As a convenient and universal technology for producing polymers or composite material NFs, the electrospinning method has been widely applied in both academic research and industrial applications. Very recently, there have been many studies on the preparation of high-performance electrode materials (such as SnS/C, Na2VPO4F/C, and NiO/C) by electrospinning technology [37, 38, 39]. The obtained one-dimensional NFs with high specific surface areas can provide facile electronic and ionic transport. Further, the porous structure is highly tolerant of stress changes during the reaction in the battery, making it conducive to the realization of a long cycle life [39, 40].

Herein, a simple, economical, and green electrospinning process is proposed to obtain nitrogen-doped TiO2–C composite NFs (denoted as TiO2/N–C NFs). Inexpensive urea is used as the nitrogen source and pore-forming agent. Owing to the advantages of nitrogen doping and the large specific surface area, a TiO2/N–C NF electrode displays outstanding electrochemical properties.

3 Experimental Section

3.1 Synthesis of Materials

The TiO2/N–C NFs were synthesized by electrospinning followed by high-temperature carbonization. The precursor solution for electrospinning was made as follows: First, 5.0 mL of N, N-dimethylformamide (Kermel, 99.5%) and 1.05 g of glacial acetic acid (CH3COOH, Kermel, 99.5%) were mixed; then, 0.1 g of urea [CO(NH2)2, Kermel, 99.5%] and 0.97 g of tetra-n-butyl titanate (C16H36O4Ti, Kermel, 99%) were added with stirring. Next, 0.4 g of polyvinylpyrrolidone (PVP, Mw = 1,300,000, Alfa Aesar) was added to the above mixed solution under stirring for 12 h to acquire a clear precursor solution. The obtained solution was injected into a 10-mL syringe connected to a blunt-tip needle and spun on an electrospinning unit with an applied voltage of 14 kV. The distance between the needle and the collector was set to 14 cm, and the flow velocity was 0.36 mL h−1. The collected NFs were dried at 70 °C for 8 h in a vacuum oven and then precalcined at 200 °C for 2 h. Finally, the TiO2/N–C composite NFs were obtained by calcination at 550 °C for 4 h in an inert atmosphere of Ar, where the ramping rate was set to 4 °C min−1.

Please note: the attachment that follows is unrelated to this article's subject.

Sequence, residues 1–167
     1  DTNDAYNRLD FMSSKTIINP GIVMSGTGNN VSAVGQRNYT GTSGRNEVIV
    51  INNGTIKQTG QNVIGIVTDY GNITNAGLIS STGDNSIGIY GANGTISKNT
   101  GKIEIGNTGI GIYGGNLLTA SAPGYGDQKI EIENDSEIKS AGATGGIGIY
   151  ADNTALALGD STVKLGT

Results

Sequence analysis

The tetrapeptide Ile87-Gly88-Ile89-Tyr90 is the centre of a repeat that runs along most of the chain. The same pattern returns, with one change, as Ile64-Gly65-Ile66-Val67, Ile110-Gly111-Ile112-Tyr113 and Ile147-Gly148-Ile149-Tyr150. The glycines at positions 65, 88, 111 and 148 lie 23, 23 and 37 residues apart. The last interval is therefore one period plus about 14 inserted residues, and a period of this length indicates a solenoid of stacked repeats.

For comparison, the pristine TiO2–C NFs and the other two types of TiO2/N–C NFs with different N contents were prepared using similar methods by adjusting the amount of urea to 0, 0.05, and 0.2 g, respectively.

3.2 Structural Characterization

The as-prepared materials were examined by X-ray diffraction (XRD) in a Rigaku D/Max-2500 powder diffractometer with Cu Kα radiation (λ = 1.5418 Å). The morphologies of the synthesized samples were observed using scanning electron microscopy (SEM, JEOL, SM-71480) and transmission electron microscopy (TEM, JEOL, JEM-100CX). The chemical composition of the as-prepared materials was analyzed using X-ray photoelectron spectroscopy (XPS, ThermoFisher, K-Alpha+). N2 adsorption–desorption isotherms were obtained using TriStar II 3020 (Micromeritics, USA) at liquid nitrogen temperature (77.3 K). The specific surface area (SBET) was calculated by the conventional Brunauer–Emmett–Teller (BET) method. Thermogravimetry was performed using a TGA Q50 (TA Instruments) analyzer. Raman spectra were obtained using a Raman spectrometer (Renishaw, Model 1000) at an excitation wavelength of 514 nm.

3.3 Electrochemical Measurements

Polyvinylidene fluoride binder (10 wt%), 20 wt% carbon black, and 70 wt% active material (TiO2/N–C NFs or TiO2–C NFs) were dissolved in an appropriate amount of N-methyl-2-pyrrolidinone. The obtained slurry was evenly coated on copper foil and placed in a vacuum oven at 110 °C for 12 h. Circular pieces 1 cm in diameter were punched from the dried copper foil and used as working electrodes; their mass load was 1.2 ± 0.2 mg cm−2. In an argon-filled glove box, CR2025-type coin cells were assembled; metallic sodium was used as the counter electrode and separated from the work electrode by a glass fiber (Whatman, GF/C). The electrolyte was a solution of 1 mol L−1 NaClO4 dissolved in propylene carbonate/ethylene carbonate (1:1 by volume). The coin cells were cycled in galvanostatic discharge–charge measurements using a battery testing system (Neware, China) at room temperature at voltage intervals of 0.01 and 2.5 V. Both cyclic voltammetry (CV) tests and electrochemical impedance spectroscopy (EIS) experiments were conducted on a CHI660E electrochemistry workstation (Chenhua, Shanghai).